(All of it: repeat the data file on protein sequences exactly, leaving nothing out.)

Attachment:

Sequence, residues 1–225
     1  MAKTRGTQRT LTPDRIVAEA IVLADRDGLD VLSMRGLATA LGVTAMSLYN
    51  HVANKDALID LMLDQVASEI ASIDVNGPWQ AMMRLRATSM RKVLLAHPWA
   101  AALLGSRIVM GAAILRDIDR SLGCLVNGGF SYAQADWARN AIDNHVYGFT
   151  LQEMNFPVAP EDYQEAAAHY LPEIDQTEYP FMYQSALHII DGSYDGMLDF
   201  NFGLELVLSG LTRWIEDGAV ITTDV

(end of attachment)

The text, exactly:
Sequence, residues 1–225
     1  MAKTRGTQRT LTPDRIVAEA IVLADRDGLD VLSMRGLATA LGVTAMSLYN
    51  HVANKDALID LMLDQVASEI ASIDVNGPWQ AMMRLRATSM RKVLLAHPWA
   101  AALLGSRIVM GAAILRDIDR SLGCLVNGGF SYAQADWARN AIDNHVYGFT
   151  LQEMNFPVAP EDYQEAAAHY LPEIDQTEYP FMYQSALHII DGSYDGMLDF
   201  NFGLELVLSG LTRWIEDGAV ITTDV